CHICAGO -- Seemingly every conversation concerning Corey Wootton invariably turns to the topic of health.
But it's fitting, given everything Wootton has endured. Picked by the Bears in the fourth round of the NFL draft, Wootton tore the ACL, MCL and meniscus in his right knee during the 2008 Alamo Bowl against Missouri. Those injuries -- not to mention a high ankle sprain suffered at Purdue on October 3 -- contributed to a nosedive in Wootton's production at Northwestern -- his sack totals dropped from 10 to six -- his senior year.
"If you look at the tape from 2009, and if you look at the tape from 2008, there's a difference in the athleticism,"said Bears director of college scouting Greg Gabriel.
But don't rely on just numbers to tell Wootton's story.
"I got asked by a few people after the season, by scouts and folks, 'How tough is Corey?'" Northwestern head coach Pat Fitzgerald told ESPNChicago.com on Monday. "I said, 'Let me give you the empirical that I have. No. 1, the poor young man had a devastating injury and was unable to train his legs to prepare for his senior year. But in no way, shape or form would he ever use that as an excuse not to help our team and find a way to get on the field.'
"He's a tough guy. He's a smart, tough guy. He's got so much going for him it's unbelievable. What the Bears received in that pick is a guy who's going to have a chip on his shoulder to prove everybody [wrong] who said he had a bad senior year. I'd ask anybody who wrote those things about him if they ever came off an ACL and tried to play defensive line in the Big Ten."
Without question, the Bears still need help at defensive end. Despite the organization breaking the bank to sign prized free agent Julius Peppers, veterans Alex Brown and Adewale Ogunleye moved on, leaving Mark Anderson and Israel Idonije as the only two other experienced ends on the roster.
So in steps Wootton, who if healthy, might step in and contribute immediately.
"At 6-6 and about 280 pounds, he's just a really long athlete," Fitzgerald said. "By the time he gets to camp, what's going to stand out to everybody is the motor he plays with.
"He was the example we were showing to recruits; if you want to become an All-Big Ten lineman this is how you do it. Not only his get-off; his hands; he played with good fundamentals and technique, but the icing on the cake for Corey was his innate, God-given relentlessness to the football. He just works his tail off to get there; just really impressive to watch."
Wootton's characteristics didn't make a mark on just the Bears. A high-level talent evaluator with another NFC team said Chicago made a shrewd move in acquiring Wootton, who also blocked four kicks, intercepted four passes and deflected another eight over his career with the Wildcats.
"The only thing with Wootton was that knee injury," the evaluator said. "He was a hell of a football player his junior year. He got a little heavier this past year, but he was a good pick. Wootton's gonna end up being a pretty [darn] good pick for him."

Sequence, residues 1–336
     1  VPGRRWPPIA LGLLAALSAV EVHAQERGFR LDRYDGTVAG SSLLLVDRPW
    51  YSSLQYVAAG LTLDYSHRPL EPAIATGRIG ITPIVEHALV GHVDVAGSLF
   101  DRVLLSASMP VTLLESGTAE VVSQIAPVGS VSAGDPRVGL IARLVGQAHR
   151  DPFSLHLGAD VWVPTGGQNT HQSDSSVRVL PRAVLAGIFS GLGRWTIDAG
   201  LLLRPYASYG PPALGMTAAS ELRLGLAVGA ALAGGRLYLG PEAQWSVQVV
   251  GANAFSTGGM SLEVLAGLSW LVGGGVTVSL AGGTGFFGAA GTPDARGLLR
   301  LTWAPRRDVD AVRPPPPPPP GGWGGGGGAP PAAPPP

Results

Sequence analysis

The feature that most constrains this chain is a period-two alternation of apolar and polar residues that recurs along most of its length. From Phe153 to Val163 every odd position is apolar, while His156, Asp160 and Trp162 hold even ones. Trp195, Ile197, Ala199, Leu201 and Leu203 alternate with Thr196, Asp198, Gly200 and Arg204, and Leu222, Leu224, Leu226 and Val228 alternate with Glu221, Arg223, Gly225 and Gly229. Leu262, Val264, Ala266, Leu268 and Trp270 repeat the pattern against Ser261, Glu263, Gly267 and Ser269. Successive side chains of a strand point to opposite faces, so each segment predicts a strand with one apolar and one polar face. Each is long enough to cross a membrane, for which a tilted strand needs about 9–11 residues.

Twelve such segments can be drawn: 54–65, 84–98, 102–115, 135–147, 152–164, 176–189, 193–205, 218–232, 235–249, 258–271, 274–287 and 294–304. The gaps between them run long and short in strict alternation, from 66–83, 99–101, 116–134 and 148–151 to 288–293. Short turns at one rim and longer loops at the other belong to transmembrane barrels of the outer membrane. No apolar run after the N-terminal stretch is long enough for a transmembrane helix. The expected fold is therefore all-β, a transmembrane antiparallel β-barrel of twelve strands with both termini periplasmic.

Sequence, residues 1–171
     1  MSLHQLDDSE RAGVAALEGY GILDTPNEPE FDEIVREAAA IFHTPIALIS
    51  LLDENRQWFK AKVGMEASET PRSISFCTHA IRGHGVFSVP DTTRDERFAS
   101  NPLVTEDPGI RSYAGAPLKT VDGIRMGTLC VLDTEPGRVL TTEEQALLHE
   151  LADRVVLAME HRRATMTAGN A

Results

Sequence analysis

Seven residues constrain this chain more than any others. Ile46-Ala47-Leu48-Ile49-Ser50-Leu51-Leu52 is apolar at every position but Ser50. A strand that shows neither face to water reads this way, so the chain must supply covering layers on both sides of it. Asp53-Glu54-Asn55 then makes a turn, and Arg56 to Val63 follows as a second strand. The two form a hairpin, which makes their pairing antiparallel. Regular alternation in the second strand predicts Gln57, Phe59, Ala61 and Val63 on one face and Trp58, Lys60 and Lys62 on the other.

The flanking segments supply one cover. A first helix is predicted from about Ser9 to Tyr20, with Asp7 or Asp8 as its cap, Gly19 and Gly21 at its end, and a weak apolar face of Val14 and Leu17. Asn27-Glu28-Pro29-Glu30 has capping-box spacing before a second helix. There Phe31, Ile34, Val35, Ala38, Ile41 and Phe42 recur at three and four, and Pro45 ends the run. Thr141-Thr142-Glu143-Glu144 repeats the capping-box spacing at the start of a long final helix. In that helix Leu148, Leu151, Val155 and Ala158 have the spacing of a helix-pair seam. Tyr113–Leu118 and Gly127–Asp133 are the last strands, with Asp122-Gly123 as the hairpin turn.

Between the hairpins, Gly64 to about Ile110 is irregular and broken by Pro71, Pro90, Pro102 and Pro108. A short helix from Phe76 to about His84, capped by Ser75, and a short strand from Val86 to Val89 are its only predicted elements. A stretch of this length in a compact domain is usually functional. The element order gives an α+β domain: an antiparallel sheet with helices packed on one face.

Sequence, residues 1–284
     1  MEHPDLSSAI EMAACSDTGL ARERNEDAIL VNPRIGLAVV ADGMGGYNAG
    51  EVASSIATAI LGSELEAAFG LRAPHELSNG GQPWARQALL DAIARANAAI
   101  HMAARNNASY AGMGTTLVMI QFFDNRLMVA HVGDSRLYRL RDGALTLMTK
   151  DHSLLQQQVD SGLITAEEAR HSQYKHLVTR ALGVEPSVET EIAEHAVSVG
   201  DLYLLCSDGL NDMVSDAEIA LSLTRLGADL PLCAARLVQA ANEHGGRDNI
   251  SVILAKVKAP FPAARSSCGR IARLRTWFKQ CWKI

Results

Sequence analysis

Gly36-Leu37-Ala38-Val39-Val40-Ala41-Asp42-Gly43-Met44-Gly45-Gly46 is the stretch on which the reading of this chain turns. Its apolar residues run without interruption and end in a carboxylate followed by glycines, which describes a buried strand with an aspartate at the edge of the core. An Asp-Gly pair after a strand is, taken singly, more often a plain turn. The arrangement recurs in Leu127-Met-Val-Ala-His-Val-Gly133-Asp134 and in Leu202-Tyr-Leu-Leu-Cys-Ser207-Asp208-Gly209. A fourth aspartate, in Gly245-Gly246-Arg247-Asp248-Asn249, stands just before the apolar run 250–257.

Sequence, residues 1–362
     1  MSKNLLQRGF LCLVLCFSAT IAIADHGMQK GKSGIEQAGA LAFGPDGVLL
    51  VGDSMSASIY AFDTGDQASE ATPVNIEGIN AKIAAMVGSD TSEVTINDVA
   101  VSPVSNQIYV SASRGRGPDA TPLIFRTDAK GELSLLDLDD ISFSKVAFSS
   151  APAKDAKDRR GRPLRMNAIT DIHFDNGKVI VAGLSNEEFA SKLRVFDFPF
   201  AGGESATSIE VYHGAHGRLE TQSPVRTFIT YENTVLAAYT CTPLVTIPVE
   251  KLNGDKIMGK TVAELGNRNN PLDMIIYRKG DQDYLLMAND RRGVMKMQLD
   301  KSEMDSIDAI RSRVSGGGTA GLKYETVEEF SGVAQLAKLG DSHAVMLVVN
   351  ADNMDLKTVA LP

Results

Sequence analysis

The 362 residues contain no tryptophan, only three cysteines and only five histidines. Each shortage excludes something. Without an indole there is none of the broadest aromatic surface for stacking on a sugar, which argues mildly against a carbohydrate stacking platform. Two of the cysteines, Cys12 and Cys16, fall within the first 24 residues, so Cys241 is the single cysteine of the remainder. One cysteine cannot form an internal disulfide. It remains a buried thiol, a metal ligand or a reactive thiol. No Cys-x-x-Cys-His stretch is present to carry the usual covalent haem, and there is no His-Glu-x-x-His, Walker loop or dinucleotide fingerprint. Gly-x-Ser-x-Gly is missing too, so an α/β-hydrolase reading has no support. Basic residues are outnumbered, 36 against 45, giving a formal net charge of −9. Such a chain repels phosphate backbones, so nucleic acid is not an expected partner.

The NFC talent evaluator said Wootton best fits in a 4-3 scheme. Fitzgerald agreed.
"He can do all the things you ask him to do," Fitzgerald said. "He can play on the tight end. He can play on the open end. He can drop into coverage, which gives you some flexibility from a pressure standpoint.
"He can get up the field and create pocket presence from the edge. We put him over the nose [tackle] against Missouri when we knew they were popping their guards and got him one-on-one on the center. We used him in some areas in short yardage and goal line. He could start at tight end probably for a lot of guys in the NFL. He always wanted me to throw him the ball, but we never got around to it. We threw him one fake at Duke two years ago and he cramped up going up for the ball."
While it's fair to voice concern over Wootton's knee, he joins the Bears with high marks in the character department. A co-captain at Northwestern as a senior, Wootton serves as the "poster child" for the Bears organization, according to Fitzgerald.
"You're talking about a grounded, very humble person," Fitzgerald said. "Corey was a leader, but he's not a guy who pounds his chest. [He doesn't say] 'I'm the biggest, I'm the baddest. Look at me.' It's the other way around. He wanted to be the example and help guys. Last spring, when he was injured, he was coaching up all our young guys.
"When Corey has an entire offseason to train his legs and he gets back to where he was in 2008, you're going to see a guy -- when he picks them up and puts them down -- he covers so much ground because of how tall he is. He can just flat-out run. Hopefully, he just continues to get healthy and get that mojo back. When he does, the Bears will have gotten a steal."
At least that's the situation both Wootton and Fitzgerald envision. Wootton flashed glimpses of that potential over the last five games of last season by contributing at least one tackle behind the line of scrimmage in each of the last five games, in addition to a sack in four of those five outings.
"I still have room to improve in my explosiveness, which I definitely will have back by the time training camp comes," Wootton said. "I feel like this is a great fit for me; a 4-3 team with a great defensive line coach. I can't even express how excited I am."
Jeff Dickerson and Michael C. Wright cover the Bears for ESPNChicago.com.